“We are not just colleagues striving for success, but friends with a passion for the industry,” says Denise Data about the folks to her left and right at Criteo.
Denise’s story is a coming of age story, to say the least. Her beginnings span outside of the world of advertising as she got her start in the creative sector of book publishing. Now the Director of Ad Operations and Creative Services for top clients in the Americas here at Criteo, when Denise isn’t tending to the adventurous life of her six-year-old son, she’s developing and managing strategies that lead initiatives for the largest advertisers of the Criteo community.
Read more about her journey to Criteo, her experience as an instrumental part of our design efforts and her predictions on the future of creative in advertising.
Let’s start from the beginning – what is you background? How did you end up at Criteo?
I started my career in book publishing, but I didn’t necessarily set out to have an illustrious career in the glamourous world of book publishing. One of my college professors recommended me for an internship at really large education book publishing company.
I got the position and transitioned from intern to full-time employee. What I didn’t realize at the time, is how easy it is to be pigeon-hold into a career designing in a field you aren’t actually interested in. At the age of 28, I realized the only way to get out of education publishing was to take a position as an intern for a start-up tech company.
It was one of the best decisions I made. My internship evolved into three years at the company. I was able to witness firsthand the evolution of the small start-up of 40 people to a larger company with 300 employees and multiple offices. Eventually we were acquired by a much larger company.
A year later, I found myself working for a small-ish tech company called Criteo!
What are your interests outside of work?
My interests outside of work revolve usually around the interests of my six-year-old. It’s pretty amazing how active the social calendar of a six-year-old is. At the moment, his calendar is full of basketball and Nintendo 3DS.
What is the most important thing you have learned in the last five years?
Four years ago, I became a first-time manager.
While I loved digital design, I really wanted the opportunity to manage my own team. I thought that after years of learning from my managers (both good and bad) that I would be a really great manager.
What I didn’t realize is that you can’t be afraid to give your team the opportunity to push into something new in order for them to grow. And it’s more important for your team to know you have their backs in the event that they do stumble a little bit as they grow.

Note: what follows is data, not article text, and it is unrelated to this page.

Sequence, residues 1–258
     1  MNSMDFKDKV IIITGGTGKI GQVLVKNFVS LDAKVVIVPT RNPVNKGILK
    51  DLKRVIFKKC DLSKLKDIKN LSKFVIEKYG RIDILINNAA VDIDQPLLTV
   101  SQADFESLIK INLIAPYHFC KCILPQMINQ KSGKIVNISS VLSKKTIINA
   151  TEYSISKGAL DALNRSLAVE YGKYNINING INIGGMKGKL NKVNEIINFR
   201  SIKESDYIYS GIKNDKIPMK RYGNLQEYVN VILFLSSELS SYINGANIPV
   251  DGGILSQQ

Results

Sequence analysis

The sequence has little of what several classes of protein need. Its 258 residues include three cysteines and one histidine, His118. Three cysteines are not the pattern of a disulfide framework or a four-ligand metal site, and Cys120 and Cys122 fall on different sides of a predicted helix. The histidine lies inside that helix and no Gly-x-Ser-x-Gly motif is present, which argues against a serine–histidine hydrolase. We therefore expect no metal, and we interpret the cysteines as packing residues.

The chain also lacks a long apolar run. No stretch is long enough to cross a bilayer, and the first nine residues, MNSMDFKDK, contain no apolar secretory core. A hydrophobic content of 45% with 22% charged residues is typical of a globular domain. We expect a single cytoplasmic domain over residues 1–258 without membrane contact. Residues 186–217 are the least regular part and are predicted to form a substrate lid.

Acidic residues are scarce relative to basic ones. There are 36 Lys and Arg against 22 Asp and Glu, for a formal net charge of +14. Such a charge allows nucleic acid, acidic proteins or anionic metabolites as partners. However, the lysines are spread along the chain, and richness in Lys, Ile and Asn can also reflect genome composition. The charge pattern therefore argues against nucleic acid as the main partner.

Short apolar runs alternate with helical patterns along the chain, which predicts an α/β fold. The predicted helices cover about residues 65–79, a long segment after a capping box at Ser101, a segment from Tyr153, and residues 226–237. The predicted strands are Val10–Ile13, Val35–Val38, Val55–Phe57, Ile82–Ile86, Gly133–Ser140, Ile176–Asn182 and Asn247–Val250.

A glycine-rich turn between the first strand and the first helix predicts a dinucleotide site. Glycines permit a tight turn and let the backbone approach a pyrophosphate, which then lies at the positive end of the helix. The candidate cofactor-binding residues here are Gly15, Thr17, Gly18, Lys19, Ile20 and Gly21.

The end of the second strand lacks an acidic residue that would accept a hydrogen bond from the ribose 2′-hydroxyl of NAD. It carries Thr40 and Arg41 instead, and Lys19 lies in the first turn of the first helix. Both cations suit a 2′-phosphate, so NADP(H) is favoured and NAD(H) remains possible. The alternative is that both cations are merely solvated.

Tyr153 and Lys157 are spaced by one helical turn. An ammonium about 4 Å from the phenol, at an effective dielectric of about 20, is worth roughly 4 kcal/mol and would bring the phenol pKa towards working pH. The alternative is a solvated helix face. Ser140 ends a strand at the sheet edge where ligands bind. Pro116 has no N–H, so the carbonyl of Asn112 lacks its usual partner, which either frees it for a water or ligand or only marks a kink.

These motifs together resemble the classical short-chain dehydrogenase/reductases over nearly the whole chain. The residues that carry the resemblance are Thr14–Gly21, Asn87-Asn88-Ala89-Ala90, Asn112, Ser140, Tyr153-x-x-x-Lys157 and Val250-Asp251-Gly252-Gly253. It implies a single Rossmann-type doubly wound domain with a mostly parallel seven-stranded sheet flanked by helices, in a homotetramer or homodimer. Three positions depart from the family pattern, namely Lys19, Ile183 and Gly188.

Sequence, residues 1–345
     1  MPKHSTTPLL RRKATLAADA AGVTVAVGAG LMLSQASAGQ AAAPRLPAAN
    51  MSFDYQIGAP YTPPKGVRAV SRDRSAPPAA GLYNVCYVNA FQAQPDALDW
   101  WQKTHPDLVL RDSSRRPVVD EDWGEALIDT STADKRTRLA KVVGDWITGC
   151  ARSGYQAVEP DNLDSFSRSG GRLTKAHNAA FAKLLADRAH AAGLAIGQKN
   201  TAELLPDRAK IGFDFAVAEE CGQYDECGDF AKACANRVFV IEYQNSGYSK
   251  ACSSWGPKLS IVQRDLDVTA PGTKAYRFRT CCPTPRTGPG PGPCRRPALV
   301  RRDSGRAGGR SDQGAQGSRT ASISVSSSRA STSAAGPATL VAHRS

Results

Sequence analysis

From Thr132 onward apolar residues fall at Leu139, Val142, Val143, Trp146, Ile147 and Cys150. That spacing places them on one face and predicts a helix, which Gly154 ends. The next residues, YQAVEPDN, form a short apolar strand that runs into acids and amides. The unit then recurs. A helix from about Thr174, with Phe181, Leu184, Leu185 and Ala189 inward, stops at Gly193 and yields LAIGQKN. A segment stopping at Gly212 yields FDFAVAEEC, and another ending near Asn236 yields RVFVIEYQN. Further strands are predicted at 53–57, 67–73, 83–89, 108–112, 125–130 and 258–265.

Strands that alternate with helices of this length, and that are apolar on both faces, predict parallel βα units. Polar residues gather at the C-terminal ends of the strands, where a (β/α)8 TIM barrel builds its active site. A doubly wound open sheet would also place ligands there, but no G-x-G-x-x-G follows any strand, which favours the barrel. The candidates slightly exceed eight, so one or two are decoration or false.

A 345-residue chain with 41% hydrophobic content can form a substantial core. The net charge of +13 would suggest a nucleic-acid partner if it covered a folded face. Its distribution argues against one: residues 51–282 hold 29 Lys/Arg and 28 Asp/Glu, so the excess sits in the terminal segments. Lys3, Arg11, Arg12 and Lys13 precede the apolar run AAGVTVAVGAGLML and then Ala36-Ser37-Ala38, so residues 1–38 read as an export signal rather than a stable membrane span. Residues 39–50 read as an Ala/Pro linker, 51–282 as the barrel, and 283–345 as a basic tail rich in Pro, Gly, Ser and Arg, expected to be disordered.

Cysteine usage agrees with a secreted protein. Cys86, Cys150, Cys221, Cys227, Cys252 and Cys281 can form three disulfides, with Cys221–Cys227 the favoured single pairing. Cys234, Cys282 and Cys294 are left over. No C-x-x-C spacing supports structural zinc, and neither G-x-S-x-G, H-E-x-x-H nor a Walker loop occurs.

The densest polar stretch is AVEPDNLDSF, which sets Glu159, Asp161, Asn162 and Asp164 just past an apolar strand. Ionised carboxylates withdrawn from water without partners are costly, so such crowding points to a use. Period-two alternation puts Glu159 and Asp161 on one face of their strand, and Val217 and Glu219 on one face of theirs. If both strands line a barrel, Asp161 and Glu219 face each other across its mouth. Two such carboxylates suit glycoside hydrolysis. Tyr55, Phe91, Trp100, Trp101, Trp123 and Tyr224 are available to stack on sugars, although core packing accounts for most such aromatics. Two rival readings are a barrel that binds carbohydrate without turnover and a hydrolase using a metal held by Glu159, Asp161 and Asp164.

How has your role changed since you started?
I was hired in 2014, as a senior designer on the creative services team. I was an individual contributor responsible for managing my book of business. Since then, my title has evolved from Team Lead, Art Director, and now Director of Ad Operations and Creative Services.
My current role provides me with the opportunity to manage managers, develop strategies and oversee business from top clients. It’s definitely been an exciting ride!
How has Criteo helped foster your career to where you are today?
The people that work at Criteo are definitely what sets us apart. We are not just colleagues striving for success, but friends with a passion for the industry that enjoy time together both in and outside the office.
This holds true regardless of which region or country I visit. The people are what makes Criteo great.
What are the challenges of programmatic creativity as an advertising strategy?
Yes, this one’s a toughie.
Preconceived notions of what is possible in retargeting is a big challenge. Educating clients as to what is possible can be challenging when they come to the table with preconceived notions of retargeting.
The most important step in overcoming this barrier is to build a partnership where clients trust your recommendations as a consultant and understand that you care about the integrity of their brand just as much as they do.
What do you believe are some of the opportunities provided by AI in the dynamic creativity landscape? What would you like to see in 2024’s banner from a creative standpoint?
I hope to see banners in TV and VR in 2020 or 2021, forget about 2024! Haven’t you heard about Criteo’s million-dollar investment in AI?!
Want to learn more? Check out the Criteo Culture hub here!